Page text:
For the vast majority of time that we have purchased nutritional supplements, there were no regulations that required companies to adhere to rigorous manufacturing standards. Supplement manufacturing was kind of like the Wild West, where people took the law into their own hands without receiving substantial punitive measures if they behaved inappropriately.

Several manufacturers realized that regulations were coming to the nutritional-supplement industry because manufacturing issues plague the industry. Many products fail to meet label claims, wrong ingredients are used, microbial contaminants have been identified, and supplements are made in unsanitary environments. To address this problem, the National Products Association (NPA) ( developed a good manufacturing practices (GMP) program for supplement companies. The purpose was to improve supplement manufacturing standards with an eye to the future, which likely would involve federal regulations.

The GMP program involves an audit. This means that the NPA will inspect a manufacturing facility for proper raw-material handling and subsequent manufacturing processes. The cost is about $3,000 and allows the manufacturer to use the NPA's GMP logo for three years. For such a nominal fee, we might think that most companies would volunteer for an audit to distinguish themselves from other manufacturers. In fact, this is not the case. For most manufacturers, a substantial upgrading of their facility is required in order to successfully pass an audit. These upgrades can cost in excess of $1 million.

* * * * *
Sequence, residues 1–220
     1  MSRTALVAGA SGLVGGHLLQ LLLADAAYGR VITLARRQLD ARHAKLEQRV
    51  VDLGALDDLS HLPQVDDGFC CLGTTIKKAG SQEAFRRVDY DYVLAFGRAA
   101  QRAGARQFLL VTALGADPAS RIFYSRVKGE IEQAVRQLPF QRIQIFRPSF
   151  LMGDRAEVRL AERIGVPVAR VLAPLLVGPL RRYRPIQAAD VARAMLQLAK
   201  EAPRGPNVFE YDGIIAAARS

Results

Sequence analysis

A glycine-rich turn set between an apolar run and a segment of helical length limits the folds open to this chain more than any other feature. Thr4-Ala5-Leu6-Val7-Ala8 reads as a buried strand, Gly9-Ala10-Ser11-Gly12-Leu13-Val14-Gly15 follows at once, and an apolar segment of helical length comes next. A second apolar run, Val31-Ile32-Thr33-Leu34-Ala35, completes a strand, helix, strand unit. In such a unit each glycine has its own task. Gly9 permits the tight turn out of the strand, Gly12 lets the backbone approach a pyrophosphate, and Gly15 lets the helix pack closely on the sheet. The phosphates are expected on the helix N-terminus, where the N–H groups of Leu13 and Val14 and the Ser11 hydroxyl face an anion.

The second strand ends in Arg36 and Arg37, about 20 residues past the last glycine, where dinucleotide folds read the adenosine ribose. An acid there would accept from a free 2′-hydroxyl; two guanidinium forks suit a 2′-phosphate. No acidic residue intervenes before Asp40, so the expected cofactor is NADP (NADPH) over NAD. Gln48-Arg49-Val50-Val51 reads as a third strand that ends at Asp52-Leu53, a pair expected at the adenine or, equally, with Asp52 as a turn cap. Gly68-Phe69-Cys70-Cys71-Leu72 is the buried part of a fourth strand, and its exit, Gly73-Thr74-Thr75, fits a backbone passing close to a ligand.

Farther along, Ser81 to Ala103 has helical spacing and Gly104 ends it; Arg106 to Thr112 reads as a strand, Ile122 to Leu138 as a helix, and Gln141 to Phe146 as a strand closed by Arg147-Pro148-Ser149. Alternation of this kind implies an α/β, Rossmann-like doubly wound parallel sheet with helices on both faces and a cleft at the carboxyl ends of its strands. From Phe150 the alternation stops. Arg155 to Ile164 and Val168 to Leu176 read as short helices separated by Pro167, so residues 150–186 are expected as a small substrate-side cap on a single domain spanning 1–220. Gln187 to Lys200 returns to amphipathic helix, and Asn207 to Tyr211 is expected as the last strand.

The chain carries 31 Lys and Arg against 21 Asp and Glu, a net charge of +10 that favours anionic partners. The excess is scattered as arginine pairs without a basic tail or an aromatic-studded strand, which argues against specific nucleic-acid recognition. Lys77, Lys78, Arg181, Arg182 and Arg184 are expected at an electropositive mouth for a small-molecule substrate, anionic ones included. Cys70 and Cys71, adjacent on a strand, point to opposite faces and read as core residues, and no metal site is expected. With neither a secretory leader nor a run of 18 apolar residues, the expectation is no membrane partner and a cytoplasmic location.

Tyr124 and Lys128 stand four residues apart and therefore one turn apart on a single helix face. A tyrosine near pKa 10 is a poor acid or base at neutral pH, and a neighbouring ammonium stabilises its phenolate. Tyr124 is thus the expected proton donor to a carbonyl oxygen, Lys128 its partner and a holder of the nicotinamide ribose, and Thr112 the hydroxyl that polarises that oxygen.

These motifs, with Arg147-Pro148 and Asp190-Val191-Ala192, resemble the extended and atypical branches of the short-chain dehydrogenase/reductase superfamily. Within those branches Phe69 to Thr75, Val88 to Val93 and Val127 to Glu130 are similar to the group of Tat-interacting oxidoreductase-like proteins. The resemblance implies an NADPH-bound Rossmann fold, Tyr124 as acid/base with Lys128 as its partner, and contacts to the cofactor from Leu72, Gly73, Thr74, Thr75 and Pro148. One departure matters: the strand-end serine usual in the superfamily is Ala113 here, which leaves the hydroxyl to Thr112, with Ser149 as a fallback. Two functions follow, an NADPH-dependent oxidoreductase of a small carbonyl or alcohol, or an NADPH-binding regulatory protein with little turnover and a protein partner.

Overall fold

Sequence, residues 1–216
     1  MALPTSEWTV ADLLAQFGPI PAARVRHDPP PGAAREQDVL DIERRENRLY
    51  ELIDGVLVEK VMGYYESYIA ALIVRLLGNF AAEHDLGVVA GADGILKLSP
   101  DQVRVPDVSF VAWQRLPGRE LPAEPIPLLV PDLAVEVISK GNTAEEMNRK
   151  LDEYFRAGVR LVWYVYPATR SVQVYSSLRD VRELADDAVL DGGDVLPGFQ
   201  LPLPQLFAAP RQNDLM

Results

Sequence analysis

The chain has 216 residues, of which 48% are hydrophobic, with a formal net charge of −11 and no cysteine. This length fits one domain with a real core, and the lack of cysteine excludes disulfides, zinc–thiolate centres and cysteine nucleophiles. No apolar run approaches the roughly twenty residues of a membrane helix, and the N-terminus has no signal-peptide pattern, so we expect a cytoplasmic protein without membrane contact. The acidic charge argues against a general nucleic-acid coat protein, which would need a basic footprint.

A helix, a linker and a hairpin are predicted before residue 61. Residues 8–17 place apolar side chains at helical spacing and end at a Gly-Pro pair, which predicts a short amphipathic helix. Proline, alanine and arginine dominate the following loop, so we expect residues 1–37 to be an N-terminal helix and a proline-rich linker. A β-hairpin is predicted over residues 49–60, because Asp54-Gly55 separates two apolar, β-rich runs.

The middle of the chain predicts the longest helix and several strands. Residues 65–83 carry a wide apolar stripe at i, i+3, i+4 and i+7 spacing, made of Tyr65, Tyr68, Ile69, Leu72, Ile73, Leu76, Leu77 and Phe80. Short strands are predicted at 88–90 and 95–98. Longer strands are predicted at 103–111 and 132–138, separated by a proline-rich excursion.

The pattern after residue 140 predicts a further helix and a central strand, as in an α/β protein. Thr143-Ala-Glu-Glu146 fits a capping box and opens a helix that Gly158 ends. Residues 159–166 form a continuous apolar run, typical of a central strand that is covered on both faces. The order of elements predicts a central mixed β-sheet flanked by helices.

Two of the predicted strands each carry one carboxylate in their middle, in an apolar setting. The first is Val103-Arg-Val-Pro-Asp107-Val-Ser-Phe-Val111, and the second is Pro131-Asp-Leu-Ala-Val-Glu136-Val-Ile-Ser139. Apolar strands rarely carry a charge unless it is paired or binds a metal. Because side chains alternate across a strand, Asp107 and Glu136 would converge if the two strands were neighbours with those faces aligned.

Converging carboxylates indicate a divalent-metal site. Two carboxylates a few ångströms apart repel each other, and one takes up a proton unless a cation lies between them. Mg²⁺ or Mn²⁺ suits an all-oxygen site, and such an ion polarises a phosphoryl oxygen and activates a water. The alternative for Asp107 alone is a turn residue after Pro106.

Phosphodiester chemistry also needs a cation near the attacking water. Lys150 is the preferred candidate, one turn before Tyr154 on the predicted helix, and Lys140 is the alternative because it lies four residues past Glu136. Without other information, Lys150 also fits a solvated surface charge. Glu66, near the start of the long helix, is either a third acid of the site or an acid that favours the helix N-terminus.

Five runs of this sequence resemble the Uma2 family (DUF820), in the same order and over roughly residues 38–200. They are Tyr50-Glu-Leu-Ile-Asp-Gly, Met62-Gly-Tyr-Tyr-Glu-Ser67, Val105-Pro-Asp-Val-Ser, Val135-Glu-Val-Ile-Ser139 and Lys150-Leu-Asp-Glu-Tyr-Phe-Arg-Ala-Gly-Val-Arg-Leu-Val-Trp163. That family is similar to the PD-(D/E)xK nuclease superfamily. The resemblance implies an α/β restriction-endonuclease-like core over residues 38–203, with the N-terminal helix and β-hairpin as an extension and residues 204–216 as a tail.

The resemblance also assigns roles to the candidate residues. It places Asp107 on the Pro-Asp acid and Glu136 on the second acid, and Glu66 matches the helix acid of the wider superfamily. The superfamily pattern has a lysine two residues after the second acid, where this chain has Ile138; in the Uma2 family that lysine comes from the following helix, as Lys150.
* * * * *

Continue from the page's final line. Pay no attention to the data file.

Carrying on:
A precious few of the companies that provide supplements to the chiropractic profession have an NPA GMP, which means we have no reliable measure of supplement quality and, of course, no company will admit to selling poor-quality supplements. Furthermore, the FDA has recently set guidelines for supplement manufacturing, but it lacks the manpower for substantial oversight.

Pharmaceutical-Made Supplements

While several supplement companies have achieved or exceeded the NPA requirements, almost no companies manufacture supplements to pharmaceutical specifications. Pharmaceutical-made supplements are very different from the others. If a nutritional supplement is pharmaceutically made, the followings steps are typically involved:

Vitamins, minerals and herbs entering a manufacturing facility are referred to as raw materials. They typically arrive in large garbage-can-size containers. Most are white powders that look the same. However, some vitamins have a color (riboflavin for example) and most herbs are colored as well. Upon receipt of raw materials, they must be cataloged and placed into a quarantine area.

No nutrient can leave the quarantine area for supplement production until it is first identified. In other words, since most nutrients are white powders, each must be identified to make sure that thiamin is actually thiamin, magnesium is actually magnesium, and so on. The laboratory processes for identifying nutrients are published in monographs such as the United States Pharmacopeia. For each raw material tested, the process must be documented and cataloged.